Monday, September 05, 2011


As the life zooms past, new ways of looking at the innovation on the path of life become clearer to me. Why should the strategies of innovation be devoid of direct life-learning? One learns every moment and every moment of learning is quite humbling.Here are some trajectory-changers in my life so far. I thank them for affecting me positively, as I remember them on Teacher’s Day 2011.
Remembering Immanuel Suresh, my teacher at NID, an extraordinary observer of nature, human behaviour and more importantly an extraordinary human being, gave me the understanding to connect the seemingly unconnected. Prof. B. D. Mishra who taught me at IIT Mumbai (the multi-faceted talented man who represented India in Asiad in athletics, trekked with Tenzing Norgay to Mount Everest and represented India in UN on Population and Development) who exposed me to a whole new world of Futurology. I still remember the book reading sessions discussing Future Shock, Small is Beautiful and One Straw Revolution at Nescafe Stall at IIT Mumbai during the course. Together these two gentlemen fired the spark in me of diligent inquiry into the future. Current practice of Trends, Design Research and Strategy at Onio actually emanated here.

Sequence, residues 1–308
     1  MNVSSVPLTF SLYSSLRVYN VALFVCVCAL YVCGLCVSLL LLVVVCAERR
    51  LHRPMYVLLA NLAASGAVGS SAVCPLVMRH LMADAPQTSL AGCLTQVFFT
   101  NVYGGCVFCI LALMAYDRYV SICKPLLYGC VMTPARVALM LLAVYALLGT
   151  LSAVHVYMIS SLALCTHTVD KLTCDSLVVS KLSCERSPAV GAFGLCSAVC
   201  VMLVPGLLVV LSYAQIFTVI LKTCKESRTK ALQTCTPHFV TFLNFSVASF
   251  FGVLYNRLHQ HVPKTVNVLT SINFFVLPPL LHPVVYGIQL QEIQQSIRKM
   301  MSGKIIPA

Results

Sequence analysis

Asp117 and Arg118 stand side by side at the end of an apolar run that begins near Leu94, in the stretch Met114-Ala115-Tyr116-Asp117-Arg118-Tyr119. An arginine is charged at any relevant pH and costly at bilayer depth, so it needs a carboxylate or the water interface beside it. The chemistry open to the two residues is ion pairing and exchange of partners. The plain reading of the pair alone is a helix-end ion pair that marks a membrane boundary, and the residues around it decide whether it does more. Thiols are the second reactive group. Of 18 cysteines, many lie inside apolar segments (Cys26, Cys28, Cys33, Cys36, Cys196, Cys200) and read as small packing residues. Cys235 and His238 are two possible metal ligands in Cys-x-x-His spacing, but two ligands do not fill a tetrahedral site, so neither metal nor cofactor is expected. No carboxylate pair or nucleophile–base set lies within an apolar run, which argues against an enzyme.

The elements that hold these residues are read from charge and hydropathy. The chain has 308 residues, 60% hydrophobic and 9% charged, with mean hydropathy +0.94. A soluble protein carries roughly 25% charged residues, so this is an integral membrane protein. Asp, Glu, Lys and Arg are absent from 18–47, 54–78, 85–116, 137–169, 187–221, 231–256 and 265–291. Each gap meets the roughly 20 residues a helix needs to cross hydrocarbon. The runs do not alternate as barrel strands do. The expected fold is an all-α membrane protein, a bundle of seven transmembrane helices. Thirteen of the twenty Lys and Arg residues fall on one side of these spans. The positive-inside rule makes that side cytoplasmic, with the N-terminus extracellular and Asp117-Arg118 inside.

I also feel grateful to my first alma mater, IIT Mumbai for exposing me to wider learning through humanities courses during the study. Indian Philosophy, Psychology, English Literature and Futurology were some of my favourite courses. I felt enriched. I gained more from these and the side learning of guitar classes, reading books on grandmasters of art and science in the giant library, and by conversing with talented peers, than what I learnt in the structured courses of mechanical engineering.

I must remember Professor Ram Jaiswal at Ajmer, who was generous enough to give me water-colour and portrait painting training with no obligation. It was truly a wonder to see a master at work. I still remember the pleasure of pencil gliding and seeing the face of the person sitting in front appearing on the paper. Sketching is meditation. Sketching is a renaissance art that I cherish. While I was never a good student of Engineering Drawing at IIT, I think I was a good student at NID when it came to perspective sketching.
Prof. J. A. Panchal, who taught simple things at NID- model-making- “If you know three things perfectly- How to cut, How to join and How to distort- you can make anything”- were his famous words, stuck in my mind. He was a perfectionist and taught me to be diligent.

NID, my second alma-mater, taught me to respect the work I do. Every piece of paper I scribble on, every sketchy drawing I make, every word I say is ‘mine’ and it is no less than a ‘piece of art’. By building love and care in our own work, we slowly move towards perfection.
My schoolmate Chaman Singh Verma had beautiful handwriting. I always ended up trying to copy his way of handling the pen and did manage to move up a few notches.